I had a boy come to my first grade classroom from the second grade. I was warned that he was very abusive, so I set up a plan with his mother that involves getting stamps each day for good behavior. His mother then rewards him for his good day at home. We do this every single day.
You have to get to the roots of why each individual is acting in such a way. Usually they are searching for attention. You must find a way to make sure the student can get attention for positive behavior. Poor behavior should get either no attention or the kind of attention that is so negative the student won't want it.
Brad, Compton, CA
Try first talking to the child, then try isolating the child within the classroom. If neither works, isolate the child in a peer teacher classroom with some work to do.
A. Merson, White Springs, FL
First of all, I explain to the students that their parents have given me the job of teaching them and that I am not going to let even one student keep me from doing my job. So when a disruptive student acts up, I have this statement to fall back on. I have one child who likes to do his own thing, so I told him that I needed him to help me show others how to behave. He and I made a pact, and with gentle reminders, he behaves better most of the time.
Disruptive students can be put to great use. I put them in charge of organizing the supply closet, sorting papers, passing out materials, etc. The only key is.... their work must be completed first. Watch how fast they complete an assignment without disrupting others!
Allison Parajon, Somerville, NJ
My approach varies depending on the student and the situation. I have found that dealing with disruptive students is a long term process. Lots of private conversations with the student and phone calls to the parents/guardian helps. My school recently handed out cell phones to teachers so calls can be made immediately for attendance and discipline issues. Using the phone during class can be time consuming, but it has been effective in diffusing arguments and other disruptions. Often, just taking out the phone and showing a student that their name and number is programmed in the phone does the trick.
M. Boraz, Chicago, IL
I am a fourth grade teacher. This is my tenth year. I have an ADHD son. Because of this, I usually get many of those students. It makes for an extremely disruptive class. I am fortunate enough to have a small workroom off of my room. I use it a great deal for time-out. I consistently use a timer when putting a child in time-out. My first step is a warning. The second is time-out. Rarely does it go past that because the student is required to complete all work no matter where they are. For those students whose behavior goes beyond this, I quickly and consistently follow our school-wide discipline plan. I do not have trouble when I write a discipline slip because I document each behavior that has led to the slip. Documentation is a teacher's best defense!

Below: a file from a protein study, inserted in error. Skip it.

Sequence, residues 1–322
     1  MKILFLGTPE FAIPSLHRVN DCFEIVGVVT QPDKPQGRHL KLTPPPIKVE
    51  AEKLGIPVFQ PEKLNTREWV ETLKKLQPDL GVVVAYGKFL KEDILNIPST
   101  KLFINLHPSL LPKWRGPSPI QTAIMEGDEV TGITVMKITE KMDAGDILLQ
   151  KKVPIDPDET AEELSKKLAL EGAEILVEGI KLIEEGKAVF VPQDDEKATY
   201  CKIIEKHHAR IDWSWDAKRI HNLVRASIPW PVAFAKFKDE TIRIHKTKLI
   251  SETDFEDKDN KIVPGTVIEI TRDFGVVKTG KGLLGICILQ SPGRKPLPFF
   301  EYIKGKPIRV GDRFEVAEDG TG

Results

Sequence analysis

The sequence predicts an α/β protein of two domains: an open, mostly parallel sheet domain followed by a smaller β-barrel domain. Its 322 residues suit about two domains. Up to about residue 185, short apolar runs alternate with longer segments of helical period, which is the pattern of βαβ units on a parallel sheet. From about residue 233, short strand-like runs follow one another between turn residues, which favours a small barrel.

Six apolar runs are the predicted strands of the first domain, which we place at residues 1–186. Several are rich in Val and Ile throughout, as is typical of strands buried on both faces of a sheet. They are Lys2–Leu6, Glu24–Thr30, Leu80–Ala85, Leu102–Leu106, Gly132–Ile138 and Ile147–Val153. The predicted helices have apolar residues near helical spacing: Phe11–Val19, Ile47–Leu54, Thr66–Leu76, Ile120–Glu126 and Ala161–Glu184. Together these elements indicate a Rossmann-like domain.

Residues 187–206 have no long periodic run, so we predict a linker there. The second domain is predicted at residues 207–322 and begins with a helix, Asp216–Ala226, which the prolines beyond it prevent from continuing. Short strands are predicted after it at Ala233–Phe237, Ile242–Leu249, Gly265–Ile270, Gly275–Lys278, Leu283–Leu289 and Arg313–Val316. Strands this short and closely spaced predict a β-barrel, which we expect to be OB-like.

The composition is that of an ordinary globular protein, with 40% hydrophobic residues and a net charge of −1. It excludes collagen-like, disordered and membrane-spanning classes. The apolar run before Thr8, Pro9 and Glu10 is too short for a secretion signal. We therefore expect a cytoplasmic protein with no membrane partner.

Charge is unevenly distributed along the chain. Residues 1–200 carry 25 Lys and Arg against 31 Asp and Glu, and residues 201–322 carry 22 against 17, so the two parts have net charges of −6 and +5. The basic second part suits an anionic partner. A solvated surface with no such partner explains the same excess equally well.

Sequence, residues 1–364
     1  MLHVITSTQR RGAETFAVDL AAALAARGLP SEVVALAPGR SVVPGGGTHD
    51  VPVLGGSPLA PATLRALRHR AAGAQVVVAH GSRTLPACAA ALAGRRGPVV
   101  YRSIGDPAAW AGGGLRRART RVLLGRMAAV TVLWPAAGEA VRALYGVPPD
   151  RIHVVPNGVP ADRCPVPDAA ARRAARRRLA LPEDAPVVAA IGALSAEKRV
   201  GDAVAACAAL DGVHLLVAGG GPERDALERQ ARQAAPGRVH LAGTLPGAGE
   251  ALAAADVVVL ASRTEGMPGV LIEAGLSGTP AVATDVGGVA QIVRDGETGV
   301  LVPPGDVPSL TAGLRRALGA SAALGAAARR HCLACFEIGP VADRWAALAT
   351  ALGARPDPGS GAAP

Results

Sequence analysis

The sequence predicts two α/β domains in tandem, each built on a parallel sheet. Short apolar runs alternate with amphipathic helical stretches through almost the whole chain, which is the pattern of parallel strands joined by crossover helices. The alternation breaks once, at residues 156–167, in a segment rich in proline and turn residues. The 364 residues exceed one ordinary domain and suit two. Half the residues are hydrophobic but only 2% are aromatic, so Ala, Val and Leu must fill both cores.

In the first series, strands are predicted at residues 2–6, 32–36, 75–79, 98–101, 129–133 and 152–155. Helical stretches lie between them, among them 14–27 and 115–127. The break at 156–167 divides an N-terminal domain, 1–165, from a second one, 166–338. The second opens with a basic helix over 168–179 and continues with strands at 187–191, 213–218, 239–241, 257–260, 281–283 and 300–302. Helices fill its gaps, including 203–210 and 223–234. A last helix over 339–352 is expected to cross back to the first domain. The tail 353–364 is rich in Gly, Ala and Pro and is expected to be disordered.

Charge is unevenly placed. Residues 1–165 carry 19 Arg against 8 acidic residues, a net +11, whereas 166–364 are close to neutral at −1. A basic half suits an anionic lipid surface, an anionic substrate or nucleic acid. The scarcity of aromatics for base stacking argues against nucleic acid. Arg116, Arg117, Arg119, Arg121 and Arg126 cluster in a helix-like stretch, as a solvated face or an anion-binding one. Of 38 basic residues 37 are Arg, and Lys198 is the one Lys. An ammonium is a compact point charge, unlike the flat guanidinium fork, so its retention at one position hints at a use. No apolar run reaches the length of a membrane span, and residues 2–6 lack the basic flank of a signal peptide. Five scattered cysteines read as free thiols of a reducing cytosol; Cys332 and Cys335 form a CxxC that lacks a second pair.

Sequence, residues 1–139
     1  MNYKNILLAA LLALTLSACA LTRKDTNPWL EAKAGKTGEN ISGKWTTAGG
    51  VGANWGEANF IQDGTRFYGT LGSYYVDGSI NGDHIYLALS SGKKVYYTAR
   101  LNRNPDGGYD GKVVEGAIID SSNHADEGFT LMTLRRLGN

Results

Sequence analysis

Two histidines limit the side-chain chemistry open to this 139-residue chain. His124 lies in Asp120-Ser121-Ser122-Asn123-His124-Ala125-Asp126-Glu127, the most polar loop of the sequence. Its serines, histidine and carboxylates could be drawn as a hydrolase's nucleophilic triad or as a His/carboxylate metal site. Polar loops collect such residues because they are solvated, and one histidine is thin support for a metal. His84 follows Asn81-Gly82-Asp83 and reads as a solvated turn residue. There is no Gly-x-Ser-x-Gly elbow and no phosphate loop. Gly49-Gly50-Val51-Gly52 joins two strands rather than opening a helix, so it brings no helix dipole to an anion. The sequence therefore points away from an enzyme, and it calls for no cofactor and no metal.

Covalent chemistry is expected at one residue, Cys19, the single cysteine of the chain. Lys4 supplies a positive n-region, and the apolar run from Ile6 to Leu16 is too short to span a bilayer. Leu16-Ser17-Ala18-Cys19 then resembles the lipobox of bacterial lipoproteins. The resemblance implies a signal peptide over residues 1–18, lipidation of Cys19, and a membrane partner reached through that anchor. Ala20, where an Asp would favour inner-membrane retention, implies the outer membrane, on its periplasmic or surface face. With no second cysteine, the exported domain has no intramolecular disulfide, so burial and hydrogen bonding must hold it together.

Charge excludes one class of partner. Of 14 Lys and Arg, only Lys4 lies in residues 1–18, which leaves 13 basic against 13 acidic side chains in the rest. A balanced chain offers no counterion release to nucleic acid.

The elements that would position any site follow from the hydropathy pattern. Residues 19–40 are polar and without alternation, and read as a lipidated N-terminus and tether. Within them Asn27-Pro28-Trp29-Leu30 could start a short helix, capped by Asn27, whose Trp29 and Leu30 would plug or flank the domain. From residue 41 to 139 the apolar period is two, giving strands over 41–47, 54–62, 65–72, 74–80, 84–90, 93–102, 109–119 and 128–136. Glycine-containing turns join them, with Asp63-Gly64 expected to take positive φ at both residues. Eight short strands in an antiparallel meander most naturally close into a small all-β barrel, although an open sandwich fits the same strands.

Marti Hooten, Summerville, SC
Often there is a "situation" between two or three students - after recess, etc. I offer to let the students CALMLY discuss their problem with each other in the hallway and in private. (I don't listen in unless they ask me to.) The rule is - they cannot yell at one another and must come to some sort of an agreement before re-entering the classroom. So far this has worked well. It stops the disruption, reinforces that it is not acceptable in the classroom to yell at each other and encourages communication with WORDS! The kids also develop a sense that I TRUST them to handle it in a grown-up way.
K. Swenning, Bridgeport, CT
I have often found that a child who disrupts in class is choosing to be "in control" even if in a negative way since it might be easier and less risky than taking on an academic challenge.
The best way to deal with disruptive behavior? Figure out the antecedent does this behavior have a pattern does the child act out right before math time or at the beginning of "Drop Everything and Read" time? I've often found that the best way to handle a child who is disruptive is to improve my teaching: make sure she/he is fully engaged and that my teaching meets his/her needs academically.
Kathe Simons, Merrimack, NH
First of all, I make it a priority to establish a rapport with the child's parent(s) so that we can have an ongoing dialogue about how to help meet the child's needs. I also believe in the child taking full resposibility for his behavior. We fill out "Think Sheets" designed for a child to
- own up to what he did by describing his actions
- stating the school rule that he violated
- stating who was offended, and most importantly
- thinking about what he could have done differently.
This year, I took additional steps by asking our counselor to come into my class and do "classroom guidance lessons" which included the use of "I messages". My parents have called to tell me how much they are learning from their children, who in turn taught "I messages" at home! This intervention has diffused many conflicts before they started and the kids are graded accordingly.
Bev Webster, Euless, TX